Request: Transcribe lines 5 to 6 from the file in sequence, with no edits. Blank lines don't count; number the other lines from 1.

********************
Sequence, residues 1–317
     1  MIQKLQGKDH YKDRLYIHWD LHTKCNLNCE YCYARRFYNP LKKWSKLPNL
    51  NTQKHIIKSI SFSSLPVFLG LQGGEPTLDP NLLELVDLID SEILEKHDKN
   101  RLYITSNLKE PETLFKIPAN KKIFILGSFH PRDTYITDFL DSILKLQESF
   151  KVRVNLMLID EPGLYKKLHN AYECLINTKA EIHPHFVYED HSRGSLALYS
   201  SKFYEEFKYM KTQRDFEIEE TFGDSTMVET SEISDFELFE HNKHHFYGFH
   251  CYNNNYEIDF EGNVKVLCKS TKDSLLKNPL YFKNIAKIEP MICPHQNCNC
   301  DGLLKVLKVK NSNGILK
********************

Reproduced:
   151  KVRVNLMLID EPGLYKKLHN AYECLINTKA EIHPHFVYED HSRGSLALYS
   201  SKFYEEFKYM KTQRDFEIEE TFGDSTMVET SEISDFELFE HNKHHFYGFH